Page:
June 07, 2020
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No Bed Of Rhesus

My guests have been hooted at, had obscene gestures made at them, and showered with muck. "Really," they say nervously, retreating from verandah to main house, "it's a zoo in here."

No Bed Of Rhesus
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My guests have been hooted at, had obscene gestures made at them, and showered with muck. "Really," they say nervously, retreating from verandah to main house, "it’s a zoo in here." A gibbering band of bandars celebrates our departure by doing imitations of The Who at the guitar-smashing stage. Because of the curious fence around the verandah, it feels like being in a cage: on display, harassed, hoping the bars will hold.

The first monkeys I met in Delhi were much more polite: the twice-born, the legendary rhesus macaques of North and South Block. Civil servants and ministers came and went, but there were always monkeys in the corridors of power.
It’s often said that it’s hard to tell the three apart, but that’s not true. The ones who do their raiding in bands are the civil servants, the ones who jump up and down and hoot raucously are the politicians, and the quiet guys over there, reading files and sipping tea, that’s the Bandar-log. The only real grief they caused the Government of India aside from shredded files was that, in the heart of Red Tape Land, they refused to sign attendance registers.

The four places where you’ll always find monkeys are at the University, near Parliament, in temples and on Bahadur Shah Zafar Marg, home to the media.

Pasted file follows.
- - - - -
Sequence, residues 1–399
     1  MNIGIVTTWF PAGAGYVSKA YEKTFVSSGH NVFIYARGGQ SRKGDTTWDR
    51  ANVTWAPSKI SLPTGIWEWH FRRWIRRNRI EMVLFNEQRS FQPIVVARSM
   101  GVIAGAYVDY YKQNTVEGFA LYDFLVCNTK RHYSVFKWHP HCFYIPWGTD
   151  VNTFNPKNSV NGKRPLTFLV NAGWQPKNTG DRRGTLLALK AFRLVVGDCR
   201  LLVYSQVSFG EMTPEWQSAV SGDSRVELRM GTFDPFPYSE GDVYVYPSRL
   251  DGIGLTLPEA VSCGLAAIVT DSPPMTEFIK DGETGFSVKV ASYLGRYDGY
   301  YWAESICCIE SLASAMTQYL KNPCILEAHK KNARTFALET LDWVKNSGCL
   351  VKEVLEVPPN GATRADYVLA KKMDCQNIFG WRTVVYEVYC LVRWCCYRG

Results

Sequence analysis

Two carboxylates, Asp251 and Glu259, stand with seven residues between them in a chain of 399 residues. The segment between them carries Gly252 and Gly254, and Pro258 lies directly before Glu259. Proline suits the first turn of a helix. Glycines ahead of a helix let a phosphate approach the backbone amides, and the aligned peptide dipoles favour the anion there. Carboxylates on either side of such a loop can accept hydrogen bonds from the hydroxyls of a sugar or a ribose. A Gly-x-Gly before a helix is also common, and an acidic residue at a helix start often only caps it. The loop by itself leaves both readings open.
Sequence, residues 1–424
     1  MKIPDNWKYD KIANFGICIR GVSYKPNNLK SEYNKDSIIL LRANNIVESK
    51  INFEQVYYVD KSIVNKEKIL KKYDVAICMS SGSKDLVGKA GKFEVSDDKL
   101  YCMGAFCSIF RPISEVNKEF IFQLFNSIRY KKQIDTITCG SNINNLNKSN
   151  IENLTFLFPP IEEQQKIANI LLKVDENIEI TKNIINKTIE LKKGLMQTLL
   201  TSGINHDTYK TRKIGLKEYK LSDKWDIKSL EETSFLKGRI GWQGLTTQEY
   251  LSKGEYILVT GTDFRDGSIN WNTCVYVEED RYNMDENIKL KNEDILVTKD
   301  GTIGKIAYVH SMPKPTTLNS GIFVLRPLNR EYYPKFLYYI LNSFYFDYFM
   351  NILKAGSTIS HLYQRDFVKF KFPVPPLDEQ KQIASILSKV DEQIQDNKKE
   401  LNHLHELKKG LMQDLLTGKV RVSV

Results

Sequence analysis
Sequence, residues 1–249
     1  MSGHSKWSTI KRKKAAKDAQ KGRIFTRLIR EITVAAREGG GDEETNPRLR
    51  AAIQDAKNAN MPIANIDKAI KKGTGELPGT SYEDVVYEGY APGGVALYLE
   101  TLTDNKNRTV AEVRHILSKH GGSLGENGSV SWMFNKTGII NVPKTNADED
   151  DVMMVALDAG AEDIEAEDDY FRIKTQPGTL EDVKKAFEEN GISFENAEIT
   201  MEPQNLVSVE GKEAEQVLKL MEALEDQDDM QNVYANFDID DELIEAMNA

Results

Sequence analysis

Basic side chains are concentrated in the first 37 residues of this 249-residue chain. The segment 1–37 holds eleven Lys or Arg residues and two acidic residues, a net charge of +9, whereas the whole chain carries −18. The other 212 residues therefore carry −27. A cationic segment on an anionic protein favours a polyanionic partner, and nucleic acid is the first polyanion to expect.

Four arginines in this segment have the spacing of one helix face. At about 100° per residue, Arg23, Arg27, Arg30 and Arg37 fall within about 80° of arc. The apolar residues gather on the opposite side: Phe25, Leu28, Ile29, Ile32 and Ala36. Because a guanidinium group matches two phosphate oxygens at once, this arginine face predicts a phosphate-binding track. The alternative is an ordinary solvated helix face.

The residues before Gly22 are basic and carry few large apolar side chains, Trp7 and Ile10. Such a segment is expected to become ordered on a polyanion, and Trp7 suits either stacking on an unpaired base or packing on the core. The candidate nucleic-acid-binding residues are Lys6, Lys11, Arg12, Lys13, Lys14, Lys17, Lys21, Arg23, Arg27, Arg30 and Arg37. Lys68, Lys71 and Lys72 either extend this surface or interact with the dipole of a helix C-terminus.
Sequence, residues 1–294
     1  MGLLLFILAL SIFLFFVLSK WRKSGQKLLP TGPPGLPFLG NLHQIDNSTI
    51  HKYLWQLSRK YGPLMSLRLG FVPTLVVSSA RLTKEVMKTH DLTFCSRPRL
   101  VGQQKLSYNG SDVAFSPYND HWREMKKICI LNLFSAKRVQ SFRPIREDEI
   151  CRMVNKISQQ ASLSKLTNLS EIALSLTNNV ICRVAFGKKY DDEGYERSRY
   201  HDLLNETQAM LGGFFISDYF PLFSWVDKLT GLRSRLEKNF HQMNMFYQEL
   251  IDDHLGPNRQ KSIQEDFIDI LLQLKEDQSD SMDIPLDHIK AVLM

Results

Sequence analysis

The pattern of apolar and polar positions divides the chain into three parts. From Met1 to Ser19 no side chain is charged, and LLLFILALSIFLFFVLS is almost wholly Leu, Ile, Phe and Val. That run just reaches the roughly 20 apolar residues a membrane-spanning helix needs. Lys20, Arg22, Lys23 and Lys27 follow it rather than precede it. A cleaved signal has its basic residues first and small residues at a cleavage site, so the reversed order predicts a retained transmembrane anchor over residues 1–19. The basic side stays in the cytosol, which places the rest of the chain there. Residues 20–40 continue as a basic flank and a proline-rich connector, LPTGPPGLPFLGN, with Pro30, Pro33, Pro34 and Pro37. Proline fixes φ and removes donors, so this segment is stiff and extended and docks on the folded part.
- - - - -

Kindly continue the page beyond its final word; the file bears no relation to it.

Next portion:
As Delhi expanded and its forests died, rhesus macaques became permanent migrants, small bands of furry exiles always on the run, displaced by yet another granite-marble colony or mall. Papers wrote of the ‘monkey menace’: the baby-biters, the homicidal ones who killed people by dropping flowerpots on their heads. No one mentioned that we’d made them homeless in the first place. The MCD caught monkeys and dropped them off at the ruined ramparts of Tughlaqabad; they came back, searching endlessly for the homes we’d taken from them. Parliament hired langurs, about the only other monkey that rhesus macaques fear, and Priti Langur and Hero Langur scared off monkey bands as official servants of the state (payment in bananas).

The band of bandars who scared my guests was terrifying at first, the bulls gnashing and barking, the mothers rampaging like thwarted vamps, even the babies baring their little teeth. We called the langur man, but his langur was on holiday—"chutti ke liye Mashobra jaati hai". So we did nothing for a few days, beyond politely asking the littlest baby not to pee through the bars.

Yesterday, they were quieter, less hostile. The bulls slumped like tired clerks and stared into the sunset. The mothers slept in tree branches, holding their babies close. When I asked them to stop thumping the bars, they obliged. The afternoon settled into peace. In the evening, a baby monkey came shyly up to the bars, and pushed a bit of fruit in at me, looking coy. I think I’m going to have to tell my landlord he has sub-tenants.


This piece originally appeared in the second sample issue of Delhi City Limits

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